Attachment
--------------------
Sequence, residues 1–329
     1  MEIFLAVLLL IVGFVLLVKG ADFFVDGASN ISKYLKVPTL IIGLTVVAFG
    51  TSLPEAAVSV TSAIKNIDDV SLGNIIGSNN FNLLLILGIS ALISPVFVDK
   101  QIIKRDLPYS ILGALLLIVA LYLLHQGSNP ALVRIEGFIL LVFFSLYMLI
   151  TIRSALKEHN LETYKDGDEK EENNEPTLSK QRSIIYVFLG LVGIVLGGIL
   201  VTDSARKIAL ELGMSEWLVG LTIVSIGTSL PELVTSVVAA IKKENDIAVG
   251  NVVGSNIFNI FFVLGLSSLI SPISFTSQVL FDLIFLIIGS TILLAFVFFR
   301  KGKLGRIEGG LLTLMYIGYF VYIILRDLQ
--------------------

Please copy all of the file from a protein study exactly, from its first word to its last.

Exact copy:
Sequence, residues 1–329
     1  MEIFLAVLLL IVGFVLLVKG ADFFVDGASN ISKYLKVPTL IIGLTVVAFG
    51  TSLPEAAVSV TSAIKNIDDV SLGNIIGSNN FNLLLILGIS ALISPVFVDK
   101  QIIKRDLPYS ILGALLLIVA LYLLHQGSNP ALVRIEGFIL LVFFSLYMLI
   151  TIRSALKEHN LETYKDGDEK EENNEPTLSK QRSIIYVFLG LVGIVLGGIL
   201  VTDSARKIAL ELGMSEWLVG LTIVSIGTSL PELVTSVVAA IKKENDIAVG
   251  NVVGSNIFNI FFVLGLSSLI SPISFTSQVL FDLIFLIIGS TILLAFVFFR
   301  KGKLGRIEGG LLTLMYIGYF VYIILRDLQ